Why Labour Lost The Election

Cameron had made three calculations.
1. It was better to lose the election than over-promise, and start mouthing off that he would be all things to all men. With hard economic times approaching he preferred to be understated, and make less promises which might prove hard to deliver.  He preferred to build trust with the electorate than go for a Michael Ashcroft type ‘Big Sell’.
2. He knew Brown’s strong card was with young women. Clegg’s appeal was known to be with young women too. By allowing Clegg to shine, by holding TV debates, Cameron was neutralising a key Brown advantage.
3. He had also calculated that the chances of a hung parliament were very high, and to be in a coalition government would be politically easier than to act independently while taking on Labour’s financial catastrophe.
The election was lost purely because Labour assumed it was in the bag, and didn’t carry out postal voting operations other than in the top 100 marginals, where they proved fully effective as previously. They assumed that the unequal constituencies, and the large majorities they held in the outliers, would see off any threat. The Conservatives did badly in the marginals but scored in the outliers as a result.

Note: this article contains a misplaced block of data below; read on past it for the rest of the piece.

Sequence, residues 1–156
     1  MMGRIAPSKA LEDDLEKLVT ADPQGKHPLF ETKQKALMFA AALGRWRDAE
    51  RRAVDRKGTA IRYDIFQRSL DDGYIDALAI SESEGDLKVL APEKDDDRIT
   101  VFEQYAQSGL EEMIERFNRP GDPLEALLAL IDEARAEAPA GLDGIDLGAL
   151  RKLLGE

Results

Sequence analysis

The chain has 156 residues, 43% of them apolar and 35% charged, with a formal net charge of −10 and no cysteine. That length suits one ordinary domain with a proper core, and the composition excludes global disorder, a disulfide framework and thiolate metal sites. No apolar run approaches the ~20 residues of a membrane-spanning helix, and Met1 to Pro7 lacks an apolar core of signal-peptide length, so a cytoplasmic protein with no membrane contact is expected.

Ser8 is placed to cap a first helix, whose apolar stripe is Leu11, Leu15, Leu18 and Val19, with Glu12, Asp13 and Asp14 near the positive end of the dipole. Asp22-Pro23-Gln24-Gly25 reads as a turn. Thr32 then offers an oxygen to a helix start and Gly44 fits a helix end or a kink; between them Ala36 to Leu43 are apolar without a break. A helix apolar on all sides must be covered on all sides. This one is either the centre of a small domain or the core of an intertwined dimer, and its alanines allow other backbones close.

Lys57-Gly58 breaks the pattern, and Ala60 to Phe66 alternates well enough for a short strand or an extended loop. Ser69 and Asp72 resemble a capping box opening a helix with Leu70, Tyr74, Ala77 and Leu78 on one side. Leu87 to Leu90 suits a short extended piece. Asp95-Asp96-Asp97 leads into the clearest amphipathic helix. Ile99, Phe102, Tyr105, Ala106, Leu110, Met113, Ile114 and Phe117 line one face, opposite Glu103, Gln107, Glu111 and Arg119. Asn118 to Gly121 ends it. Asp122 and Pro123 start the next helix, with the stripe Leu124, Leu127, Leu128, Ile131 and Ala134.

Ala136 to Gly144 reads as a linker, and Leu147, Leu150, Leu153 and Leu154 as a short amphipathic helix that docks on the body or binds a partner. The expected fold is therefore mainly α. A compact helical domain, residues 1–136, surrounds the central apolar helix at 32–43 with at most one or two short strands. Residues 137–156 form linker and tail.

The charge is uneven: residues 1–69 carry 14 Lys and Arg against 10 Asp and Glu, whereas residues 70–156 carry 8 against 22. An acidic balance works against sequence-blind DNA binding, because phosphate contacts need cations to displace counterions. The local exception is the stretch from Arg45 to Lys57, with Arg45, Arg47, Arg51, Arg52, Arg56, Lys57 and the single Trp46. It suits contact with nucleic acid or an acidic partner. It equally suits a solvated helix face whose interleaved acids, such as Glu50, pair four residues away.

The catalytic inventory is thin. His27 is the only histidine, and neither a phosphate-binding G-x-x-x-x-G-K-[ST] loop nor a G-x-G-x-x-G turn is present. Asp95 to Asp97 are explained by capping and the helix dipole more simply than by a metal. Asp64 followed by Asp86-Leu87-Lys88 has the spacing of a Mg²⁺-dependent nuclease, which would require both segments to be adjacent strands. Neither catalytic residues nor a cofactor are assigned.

Constituencies like Halifax were lost, for example, where the Labour majority was thin. The Conservative candidate had evidence of extensive vote rigging, but when he found it would cost £250,000 to mount a legal challenge to the result, he backed off. He only had a month to do so in any case, and he was timed out. That was not the only example.
In short it was a miracle the Conservatives won the election. It was Labour’s tactical error in not rigging enough seats that made the difference. That was all.
Cameron will now equalise the constituencies, introduce proper voter ID so that by 2015 all the games that Labour used to win 2005 and nearly win 2010, will be gone. We will be living in a democracy once more. Blair’s banana republic will be over.

Did the debates change anything?

The polls changed massively but come election day, the party shares weren’t a million miles off where they’d been before Debate 1,

I don’t think that that is right David. In the pre-debate polling YouGov had the LDs on 18, ICM at 20, MORI 15, ComRes 19 and Populus 21.
They actually came out with 23.6%.

     by Mike Smithson September 19th, 2010 at 09:52

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